Saturday, June 07, 2008

Northern Mariana Recognized for Trafficking Efforts

From the Saipan Tribune:

CNMI Attorney General Matthew T. Gregory has expressed appreciation that the efforts of the CNMI and federal governments have garnered nationwide recognition for their proactive successes. Because of these achievements, the CNMI was selected by Shared Hope International as one of 10 locations in the United States to undergo a domestic human trafficking study of under-age victims funded by the U.S. Department of Justice.

What distinguishes the Commonwealth from many other locations across the region and the globe is that the local law enforcement and social service community have recognized the potential for human trafficking here, and have actively organized their resources to combat it. The CNMI is one of only 10 American communities to form a Human Trafficking Task Force, and has gained recognition for its achievements in recognizing potential problems and organizing against them.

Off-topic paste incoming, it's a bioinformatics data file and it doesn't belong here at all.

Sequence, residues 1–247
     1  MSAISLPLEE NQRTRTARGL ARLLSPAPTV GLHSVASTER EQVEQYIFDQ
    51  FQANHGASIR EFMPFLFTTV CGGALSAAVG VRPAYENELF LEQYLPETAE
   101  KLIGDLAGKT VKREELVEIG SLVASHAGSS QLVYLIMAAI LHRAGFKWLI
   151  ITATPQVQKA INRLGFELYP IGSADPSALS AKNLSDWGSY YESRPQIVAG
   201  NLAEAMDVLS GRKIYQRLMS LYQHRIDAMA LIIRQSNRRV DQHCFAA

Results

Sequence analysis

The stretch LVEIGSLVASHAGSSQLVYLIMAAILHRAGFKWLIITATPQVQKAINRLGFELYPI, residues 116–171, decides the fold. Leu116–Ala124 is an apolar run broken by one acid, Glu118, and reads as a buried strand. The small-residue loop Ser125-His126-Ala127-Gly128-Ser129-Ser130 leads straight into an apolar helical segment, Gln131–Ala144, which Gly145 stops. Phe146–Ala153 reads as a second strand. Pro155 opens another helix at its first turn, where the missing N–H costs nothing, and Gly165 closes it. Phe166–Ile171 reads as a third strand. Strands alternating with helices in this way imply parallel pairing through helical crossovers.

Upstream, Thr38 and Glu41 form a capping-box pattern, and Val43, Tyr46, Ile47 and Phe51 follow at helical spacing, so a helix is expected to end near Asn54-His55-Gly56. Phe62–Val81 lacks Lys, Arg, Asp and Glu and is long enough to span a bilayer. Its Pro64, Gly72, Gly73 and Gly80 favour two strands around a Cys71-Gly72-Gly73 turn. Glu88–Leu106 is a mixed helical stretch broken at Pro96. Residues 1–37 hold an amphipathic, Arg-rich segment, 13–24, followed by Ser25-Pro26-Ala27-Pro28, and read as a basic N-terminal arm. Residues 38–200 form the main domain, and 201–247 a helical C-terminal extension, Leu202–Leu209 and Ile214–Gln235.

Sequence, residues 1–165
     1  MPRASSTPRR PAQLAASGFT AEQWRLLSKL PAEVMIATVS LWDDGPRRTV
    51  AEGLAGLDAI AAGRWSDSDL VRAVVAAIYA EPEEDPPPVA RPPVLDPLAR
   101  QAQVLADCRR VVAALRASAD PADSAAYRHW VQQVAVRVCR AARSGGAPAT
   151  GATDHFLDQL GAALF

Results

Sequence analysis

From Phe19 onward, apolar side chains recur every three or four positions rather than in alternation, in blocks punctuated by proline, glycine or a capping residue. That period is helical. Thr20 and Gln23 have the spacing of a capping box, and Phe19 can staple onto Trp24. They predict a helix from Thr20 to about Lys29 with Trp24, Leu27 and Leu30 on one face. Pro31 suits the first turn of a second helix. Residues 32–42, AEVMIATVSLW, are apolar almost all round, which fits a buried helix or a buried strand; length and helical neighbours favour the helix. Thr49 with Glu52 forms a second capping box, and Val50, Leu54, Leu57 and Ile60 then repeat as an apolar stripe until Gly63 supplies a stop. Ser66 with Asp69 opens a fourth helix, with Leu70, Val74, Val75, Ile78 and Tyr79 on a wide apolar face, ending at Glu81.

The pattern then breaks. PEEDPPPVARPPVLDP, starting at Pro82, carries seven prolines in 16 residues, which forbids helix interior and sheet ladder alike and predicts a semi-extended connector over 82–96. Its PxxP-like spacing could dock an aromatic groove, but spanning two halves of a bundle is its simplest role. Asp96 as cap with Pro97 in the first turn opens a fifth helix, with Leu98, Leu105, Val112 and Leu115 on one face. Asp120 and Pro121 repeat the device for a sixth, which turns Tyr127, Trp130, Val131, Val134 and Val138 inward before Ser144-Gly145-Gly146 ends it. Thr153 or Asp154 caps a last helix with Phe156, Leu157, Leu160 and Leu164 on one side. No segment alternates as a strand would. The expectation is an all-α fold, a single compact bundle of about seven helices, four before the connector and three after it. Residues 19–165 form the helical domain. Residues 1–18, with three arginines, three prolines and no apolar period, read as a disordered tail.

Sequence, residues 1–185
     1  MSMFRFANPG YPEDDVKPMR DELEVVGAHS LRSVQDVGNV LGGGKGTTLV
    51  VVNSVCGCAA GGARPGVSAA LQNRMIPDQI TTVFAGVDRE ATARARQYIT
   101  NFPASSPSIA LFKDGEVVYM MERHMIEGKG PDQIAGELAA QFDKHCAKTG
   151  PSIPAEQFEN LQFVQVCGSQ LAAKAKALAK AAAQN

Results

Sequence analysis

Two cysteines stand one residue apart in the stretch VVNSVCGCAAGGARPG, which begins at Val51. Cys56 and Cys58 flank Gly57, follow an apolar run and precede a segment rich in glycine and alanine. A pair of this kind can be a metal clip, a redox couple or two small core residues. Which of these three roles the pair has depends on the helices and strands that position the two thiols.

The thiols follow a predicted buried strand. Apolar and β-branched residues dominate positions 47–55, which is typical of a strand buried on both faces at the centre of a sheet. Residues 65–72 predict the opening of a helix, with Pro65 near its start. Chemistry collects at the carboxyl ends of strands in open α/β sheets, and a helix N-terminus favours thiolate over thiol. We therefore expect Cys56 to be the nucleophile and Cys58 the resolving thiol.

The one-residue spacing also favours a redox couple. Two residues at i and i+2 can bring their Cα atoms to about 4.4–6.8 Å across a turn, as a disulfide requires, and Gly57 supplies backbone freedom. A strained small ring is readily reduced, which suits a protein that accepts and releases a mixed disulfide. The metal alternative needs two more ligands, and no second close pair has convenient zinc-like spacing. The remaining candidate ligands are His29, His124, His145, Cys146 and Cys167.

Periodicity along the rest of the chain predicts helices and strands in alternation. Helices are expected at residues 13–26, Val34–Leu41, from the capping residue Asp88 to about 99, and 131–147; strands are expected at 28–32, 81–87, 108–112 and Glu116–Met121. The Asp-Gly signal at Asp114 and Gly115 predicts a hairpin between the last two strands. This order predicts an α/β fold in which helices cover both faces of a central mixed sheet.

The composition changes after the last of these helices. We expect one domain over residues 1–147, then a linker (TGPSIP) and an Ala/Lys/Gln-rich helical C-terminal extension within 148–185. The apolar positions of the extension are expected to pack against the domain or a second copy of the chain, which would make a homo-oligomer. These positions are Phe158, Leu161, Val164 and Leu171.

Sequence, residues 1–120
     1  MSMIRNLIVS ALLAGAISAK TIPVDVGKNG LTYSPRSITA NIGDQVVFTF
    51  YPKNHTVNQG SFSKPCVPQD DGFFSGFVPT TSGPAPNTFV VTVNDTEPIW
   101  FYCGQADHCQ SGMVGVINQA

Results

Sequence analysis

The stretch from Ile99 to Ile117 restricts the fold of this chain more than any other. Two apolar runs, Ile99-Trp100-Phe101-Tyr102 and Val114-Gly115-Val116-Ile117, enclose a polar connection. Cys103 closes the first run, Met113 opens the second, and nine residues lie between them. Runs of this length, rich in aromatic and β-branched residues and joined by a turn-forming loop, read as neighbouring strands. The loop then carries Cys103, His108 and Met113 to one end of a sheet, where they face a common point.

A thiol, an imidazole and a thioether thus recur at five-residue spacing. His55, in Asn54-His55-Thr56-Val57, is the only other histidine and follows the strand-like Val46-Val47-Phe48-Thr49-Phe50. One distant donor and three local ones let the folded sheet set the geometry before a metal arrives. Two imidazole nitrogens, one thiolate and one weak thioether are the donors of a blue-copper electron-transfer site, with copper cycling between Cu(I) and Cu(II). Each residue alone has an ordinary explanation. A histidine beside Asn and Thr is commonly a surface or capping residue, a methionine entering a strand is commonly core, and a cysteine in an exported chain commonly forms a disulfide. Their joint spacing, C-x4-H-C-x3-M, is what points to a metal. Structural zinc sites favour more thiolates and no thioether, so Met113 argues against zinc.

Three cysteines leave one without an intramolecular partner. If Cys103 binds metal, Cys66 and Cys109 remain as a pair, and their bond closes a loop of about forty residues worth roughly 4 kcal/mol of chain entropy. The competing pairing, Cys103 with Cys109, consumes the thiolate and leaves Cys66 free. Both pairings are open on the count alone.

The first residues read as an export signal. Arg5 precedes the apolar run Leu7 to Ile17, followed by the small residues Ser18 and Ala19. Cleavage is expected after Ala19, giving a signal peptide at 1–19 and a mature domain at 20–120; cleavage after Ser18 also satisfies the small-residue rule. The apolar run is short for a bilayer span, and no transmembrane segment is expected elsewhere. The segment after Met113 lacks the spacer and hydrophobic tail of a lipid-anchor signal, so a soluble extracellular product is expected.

“The CNMI was chosen as a site to review by Shared Hope International not because of an inordinate number of cases in our jurisdiction, but because of the progressive approach the CNMI has taken to identify trafficking, combat its occurrence, and investigate and prosecute wrongdoers,” said Gregory in a statement. “Plans are currently underway by the Task Force to increase public awareness to inform the public and motivate reporting of abuses as they occur.”

The Justice Department recently praised the CNMI and the local U.S. Attorney for their proactive stance against human trafficking. During a meeting of the Task Force held on April 2, 2007, Marie Martinez of the DoJ Office of Victims of Crime applauded the CNMI for being proactive, while other jurisdictions were less willing to prosecute cases. For instance, Hawaii and New York were reporting zero instances of human trafficking, despite its prevalence there.

The Shared Hope International project focuses not on the general picture of human trafficking, but on domestic minor sex trafficking victims, including citizens, legal permanent residents, and Freely Associated State citizens under 18 years old, to improve access to and delivery of services.

Read the full article

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